Sali Hughes

Sali Hughes On the Past, Present and Future of the Beauty Industry

"Over the past five years, beauty has embraced inclusivity, transparency and instant results. But where to next?" asks Sali Hughes.

My love affair with beauty began 38 years ago as I sat on my grandmother’s bed and watched her put on makeup. As she dusted Max Factor Creme Puff powder across her nose and slicked on waxy magenta lipstick, I looked on in awe, lost instantly to the cause. It gives me huge satisfaction and comfort to know that now, at the age of 42, I can still go out and buy the same powder and then create similar magic on my own face—especially since so much else in beauty has changed beyond all recognition.

We no longer glance briefly at our faces as we get ready to go out or take memory snaps only on vacation. We now see ourselves constantly on Instagram, Facebook, Snapchat and WhatsApp, hoping to survive the un­ending forensic commentary from others. Once concerned primarily with everyday looks on everyday women, the beauty industry is now catering to millions of amateur models and makeup artists, each of us wanting to appear flawless for our social media audience.

Base products must instantly perfect with no flashback; eyeshadows should blend as seamlessly as those of a YouTube vlogger; and lipstick no longer merely colours the mouth but, ideally, enlarges it, mimicking the effects of the injectable lip fillers our online stars so implausibly deny getting. As we approach the next decade, cosmetic procedures will become ever more sophisticated, accessible, affordable and imperceptible and brands will be under increasing pressure to compete with their results. We have reached the end of the “see effects in eight to 12 weeks” era and dispelled brand loyalty. The future of skincare is in high concentrations of actives, fast, proven results and interval training, where consumers will hothouse a product and then move on to another at plateau.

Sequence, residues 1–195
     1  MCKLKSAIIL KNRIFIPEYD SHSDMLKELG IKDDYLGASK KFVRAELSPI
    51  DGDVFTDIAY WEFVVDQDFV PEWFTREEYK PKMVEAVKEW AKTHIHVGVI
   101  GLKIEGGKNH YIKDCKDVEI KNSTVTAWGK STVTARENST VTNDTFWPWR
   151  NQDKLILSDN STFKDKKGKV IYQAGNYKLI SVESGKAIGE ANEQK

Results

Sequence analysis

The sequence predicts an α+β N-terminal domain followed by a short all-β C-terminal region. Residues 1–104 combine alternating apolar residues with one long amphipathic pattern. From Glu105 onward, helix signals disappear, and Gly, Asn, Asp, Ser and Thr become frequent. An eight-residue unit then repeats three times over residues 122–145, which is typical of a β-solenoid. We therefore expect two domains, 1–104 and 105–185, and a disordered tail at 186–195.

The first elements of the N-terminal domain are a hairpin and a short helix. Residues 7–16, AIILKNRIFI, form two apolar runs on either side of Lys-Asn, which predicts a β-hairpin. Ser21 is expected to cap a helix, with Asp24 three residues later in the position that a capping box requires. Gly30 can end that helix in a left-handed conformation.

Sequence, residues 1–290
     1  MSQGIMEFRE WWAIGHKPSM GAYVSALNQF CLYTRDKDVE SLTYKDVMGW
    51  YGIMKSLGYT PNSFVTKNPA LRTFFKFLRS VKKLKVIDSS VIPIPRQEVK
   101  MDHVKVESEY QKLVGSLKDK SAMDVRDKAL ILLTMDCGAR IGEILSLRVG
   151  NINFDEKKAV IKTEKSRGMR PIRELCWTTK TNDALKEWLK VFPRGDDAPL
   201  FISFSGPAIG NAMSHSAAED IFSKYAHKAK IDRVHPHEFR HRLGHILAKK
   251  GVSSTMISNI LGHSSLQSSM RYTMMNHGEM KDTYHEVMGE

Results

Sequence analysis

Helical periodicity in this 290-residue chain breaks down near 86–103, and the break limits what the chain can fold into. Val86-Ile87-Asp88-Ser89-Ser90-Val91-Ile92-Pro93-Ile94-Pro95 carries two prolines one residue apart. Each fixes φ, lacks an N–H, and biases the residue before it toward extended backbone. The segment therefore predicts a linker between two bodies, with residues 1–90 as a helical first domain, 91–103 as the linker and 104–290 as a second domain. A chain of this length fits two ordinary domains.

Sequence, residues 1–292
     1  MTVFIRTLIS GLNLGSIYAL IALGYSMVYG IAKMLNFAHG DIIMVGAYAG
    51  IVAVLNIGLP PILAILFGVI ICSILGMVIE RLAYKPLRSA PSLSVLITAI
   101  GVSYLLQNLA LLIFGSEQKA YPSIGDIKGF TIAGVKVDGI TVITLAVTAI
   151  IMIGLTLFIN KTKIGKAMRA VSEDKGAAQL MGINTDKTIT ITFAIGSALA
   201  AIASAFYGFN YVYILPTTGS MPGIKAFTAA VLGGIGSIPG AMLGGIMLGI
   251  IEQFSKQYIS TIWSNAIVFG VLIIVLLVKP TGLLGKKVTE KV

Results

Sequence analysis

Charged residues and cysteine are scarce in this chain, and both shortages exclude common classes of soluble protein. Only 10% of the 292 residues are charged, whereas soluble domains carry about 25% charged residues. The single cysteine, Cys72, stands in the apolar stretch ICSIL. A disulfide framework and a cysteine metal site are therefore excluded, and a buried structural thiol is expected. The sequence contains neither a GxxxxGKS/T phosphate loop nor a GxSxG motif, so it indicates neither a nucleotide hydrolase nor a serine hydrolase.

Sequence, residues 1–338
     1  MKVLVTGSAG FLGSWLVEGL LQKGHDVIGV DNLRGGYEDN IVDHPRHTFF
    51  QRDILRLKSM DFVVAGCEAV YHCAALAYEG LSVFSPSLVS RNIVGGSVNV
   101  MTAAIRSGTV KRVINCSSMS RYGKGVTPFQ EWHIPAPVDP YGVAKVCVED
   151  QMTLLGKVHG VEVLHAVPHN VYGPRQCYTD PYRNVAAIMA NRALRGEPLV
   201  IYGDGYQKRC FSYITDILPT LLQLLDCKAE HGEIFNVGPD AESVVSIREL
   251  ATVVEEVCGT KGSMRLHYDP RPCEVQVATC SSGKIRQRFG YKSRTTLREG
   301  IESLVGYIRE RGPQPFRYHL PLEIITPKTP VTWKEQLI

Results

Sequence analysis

The Korean beauty industry, with its innovation, vision and research tech, has arguably made as big an impact as the Internet that gave it its global audience of consumers. Thanks to South Korea, Japan and China, we in the West are able to demand more than ever from our products, from the finest-textured SPFs to perfecting colour correctors to pigment-saturated liquids to silken photo-finish powders. The Asian influence on Western brands has been disruptive, energizing and important, but now it’s time for the Eastern big hitters to acknowledge the universal appeal of their competitors’ products and begin to cater properly to women of colour. In 2017, there is no justification for any major brand to offer 16 shades of foundation and consider themselves close to done. I adore beauty but only on the condition that it is appreciated and valued in all its forms. Women deserve respect for their dollar.

Women also deserve the facts. Beauty fans now have an unprecedented level of knowledge, thanks to bloggers, online communities and accessible brands with a clear mandate. The revolution begun by The Ordinary, Beauty Pie and Paula’s Choice is only just gathering pace. I hope and believe we’ll see brands following their examples in labelling, claims, packaging and ethics. Furthermore, I believe that in the next two years we’ll finally see China change its un­ethical laws on mandatory animal testing in cosmetics. The global beauty industry wants this change, and its consumers expect it. There is no longer any justification for animal cruelty in the name of beauty or for microbeads that bring nothing to the party but sea pollution.

And as for my own dreams? Chemical sunscreens and primers that never peel or ball during blending; lip plumpers that neither sting nor fizz; high-dose vitamin C serums minus the grit; a mascara that lasts like a tubing formula but lengthens and flutters like a traditional one; the end of useless cellulite creams, bust gels and jar packaging; the return of extreme contouring to its birthplace in history; permanent grey-covering hair colourant without PPD; and a definitive cure for melasma. That’s not too much to ask for, right? I no longer believe anything is far from reach.

Sali Hughes is the author of  Pretty Honest and Pretty Iconic.